Afterwards I thought that I would to try to express the other – another, by expressing myself explicitly. I turned towards the image and started working diaristicly, collaging images together like quilts. I was into flowers, buying and arranging them for the home and then photographing the arrangements and arranging the photos. I had a girlfriend, a wonderful influence, who wrote without hierarchy. Essays that didn’t progress towards conclusion but accumulated. Her works were like tabletops with an array of stones and objects arranged evenly across the flat plane. I wanted to work horizontally not vertically like the prior series and I didn’t want the front to back read that the cut up panels created. If the first series was about the novel – “here I am am I really here” then these works wanted to be about the essay and poetry “Never to be yourself and yet always – that is the problem.” I used checkerboard patterns and trompl’oi paper collage to formally demonstrate the way things could be different but sill share one plane. I saw Aruthr Jaffa’s “love is the message, the message is death” and i cried during and after. I thought about how affirmative that piece was- it gave a way of being and seeing instead of demonstrating the illness and problems in culture and people (its antithesis is Jordan Wolfsons “strawberry poser” because it does that – performs the negative register). The Jaffa piece gave me this phrase, this idea – an empathy based in difference. The film made black culture more separate from me but also more available, it emphasized difference not similarity, as a means to understanding. Again, later I read Jaffa describe in almost those words his goal for the piece. I was doubly amazed by Jaffa’s coup – to give the idea – the way of being and the words – through images. (“It’s a muscle that everybody needs to develop: the ability to see themselves in someone else’s circumstances without having to paint that person white, make that person straight, or a man. How can you see yourself in the other? That’s what it really come down to—empathy. I’m trying to make my shit as black as possible and still have you deal with my humanity.”)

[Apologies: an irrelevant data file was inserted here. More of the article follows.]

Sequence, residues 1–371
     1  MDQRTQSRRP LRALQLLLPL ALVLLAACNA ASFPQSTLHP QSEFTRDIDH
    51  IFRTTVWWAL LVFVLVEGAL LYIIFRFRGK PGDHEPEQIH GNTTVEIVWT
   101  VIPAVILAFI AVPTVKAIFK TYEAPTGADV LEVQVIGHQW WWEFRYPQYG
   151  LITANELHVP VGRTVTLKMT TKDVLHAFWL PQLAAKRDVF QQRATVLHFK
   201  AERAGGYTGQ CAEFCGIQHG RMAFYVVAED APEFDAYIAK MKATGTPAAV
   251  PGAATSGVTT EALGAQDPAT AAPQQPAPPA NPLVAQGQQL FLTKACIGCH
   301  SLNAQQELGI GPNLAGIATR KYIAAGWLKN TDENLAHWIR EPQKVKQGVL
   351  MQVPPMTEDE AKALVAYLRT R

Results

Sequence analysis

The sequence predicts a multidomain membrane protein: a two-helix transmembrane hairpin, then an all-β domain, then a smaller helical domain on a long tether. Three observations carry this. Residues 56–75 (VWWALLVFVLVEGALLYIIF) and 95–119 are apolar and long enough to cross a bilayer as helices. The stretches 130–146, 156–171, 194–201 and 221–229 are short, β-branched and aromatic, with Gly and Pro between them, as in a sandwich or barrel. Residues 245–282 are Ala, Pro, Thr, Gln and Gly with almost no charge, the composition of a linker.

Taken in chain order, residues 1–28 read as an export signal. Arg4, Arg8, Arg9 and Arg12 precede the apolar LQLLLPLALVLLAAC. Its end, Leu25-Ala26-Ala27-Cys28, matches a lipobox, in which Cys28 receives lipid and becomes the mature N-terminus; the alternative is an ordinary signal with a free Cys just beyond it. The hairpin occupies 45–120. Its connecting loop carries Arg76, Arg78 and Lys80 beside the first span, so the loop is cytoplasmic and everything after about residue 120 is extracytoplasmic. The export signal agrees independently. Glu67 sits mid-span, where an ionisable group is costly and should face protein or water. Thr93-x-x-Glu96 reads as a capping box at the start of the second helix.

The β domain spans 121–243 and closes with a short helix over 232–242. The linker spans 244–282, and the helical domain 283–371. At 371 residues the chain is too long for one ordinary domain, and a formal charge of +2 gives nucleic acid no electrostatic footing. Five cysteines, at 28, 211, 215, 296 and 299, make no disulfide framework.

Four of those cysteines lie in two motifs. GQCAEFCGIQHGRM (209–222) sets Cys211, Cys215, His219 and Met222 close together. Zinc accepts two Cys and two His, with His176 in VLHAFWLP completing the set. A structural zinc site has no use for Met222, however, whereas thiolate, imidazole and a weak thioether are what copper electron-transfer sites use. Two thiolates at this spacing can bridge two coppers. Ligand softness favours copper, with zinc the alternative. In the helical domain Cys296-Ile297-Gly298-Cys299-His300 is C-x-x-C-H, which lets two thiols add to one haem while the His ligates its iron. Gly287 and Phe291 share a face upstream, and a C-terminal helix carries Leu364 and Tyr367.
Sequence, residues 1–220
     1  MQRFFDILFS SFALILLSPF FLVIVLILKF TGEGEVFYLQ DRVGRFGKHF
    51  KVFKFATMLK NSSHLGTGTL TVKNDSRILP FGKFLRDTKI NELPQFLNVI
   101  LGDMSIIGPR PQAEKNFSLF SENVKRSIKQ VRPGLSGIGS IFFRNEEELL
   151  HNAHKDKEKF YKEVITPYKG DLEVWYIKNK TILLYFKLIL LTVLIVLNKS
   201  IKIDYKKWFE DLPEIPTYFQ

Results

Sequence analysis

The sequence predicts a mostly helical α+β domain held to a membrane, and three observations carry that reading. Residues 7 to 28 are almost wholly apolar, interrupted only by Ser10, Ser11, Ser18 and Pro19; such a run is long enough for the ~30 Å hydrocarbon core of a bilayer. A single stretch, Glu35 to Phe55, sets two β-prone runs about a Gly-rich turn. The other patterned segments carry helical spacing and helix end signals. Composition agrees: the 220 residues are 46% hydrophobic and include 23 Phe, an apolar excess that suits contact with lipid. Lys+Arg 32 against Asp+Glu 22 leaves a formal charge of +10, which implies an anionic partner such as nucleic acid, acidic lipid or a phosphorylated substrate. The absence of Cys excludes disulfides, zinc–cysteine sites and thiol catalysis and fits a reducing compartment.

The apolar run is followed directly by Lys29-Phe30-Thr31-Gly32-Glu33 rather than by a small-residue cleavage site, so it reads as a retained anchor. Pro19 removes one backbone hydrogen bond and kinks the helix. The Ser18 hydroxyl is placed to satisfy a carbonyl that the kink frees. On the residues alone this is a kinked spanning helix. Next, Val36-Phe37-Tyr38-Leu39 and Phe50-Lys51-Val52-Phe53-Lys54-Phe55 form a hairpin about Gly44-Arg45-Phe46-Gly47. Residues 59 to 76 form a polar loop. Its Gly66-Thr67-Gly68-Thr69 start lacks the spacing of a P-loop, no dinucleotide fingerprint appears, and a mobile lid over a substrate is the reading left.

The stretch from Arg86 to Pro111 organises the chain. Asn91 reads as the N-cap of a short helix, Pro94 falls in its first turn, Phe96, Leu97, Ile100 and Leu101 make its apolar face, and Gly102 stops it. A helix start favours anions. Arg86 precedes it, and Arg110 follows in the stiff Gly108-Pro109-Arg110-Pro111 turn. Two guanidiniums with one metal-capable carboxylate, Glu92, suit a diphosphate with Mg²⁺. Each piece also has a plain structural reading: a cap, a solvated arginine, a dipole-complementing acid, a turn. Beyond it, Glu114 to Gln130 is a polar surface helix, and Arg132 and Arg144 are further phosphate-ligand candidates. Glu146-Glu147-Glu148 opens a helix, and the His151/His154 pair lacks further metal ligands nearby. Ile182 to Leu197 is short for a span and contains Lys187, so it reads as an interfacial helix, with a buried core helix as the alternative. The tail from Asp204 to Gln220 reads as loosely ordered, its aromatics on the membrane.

So I am making paintings not moving images. My hope or them: I want them to formally embody difference. I want them to emotionally be possessed of sensitivity that is human, humane, which means giving, open, which is spacious – creates space. I want them to demonstrate a way of applying and receiving attention that is separate and special from the natural or social flow of time. Three of my favorite songs: “Sweet Baby James” James Taylor – a fiction and a lullaby – my mother sang it to me every night as a baby and into childhood. “Why should I love you” Kate Bush produced by Prince – the absurdity and valor of loving – choosing. And “Turning Time Around” Lou Reed “what is love? … I d have to call love time… love is time… turning time around.”  Painting is just the attentive application of time and that time stored in painting is a break in time. Maybe it’s the same turning: time / love / looking / attention all around, an object that acts like a subject that helps us to know us.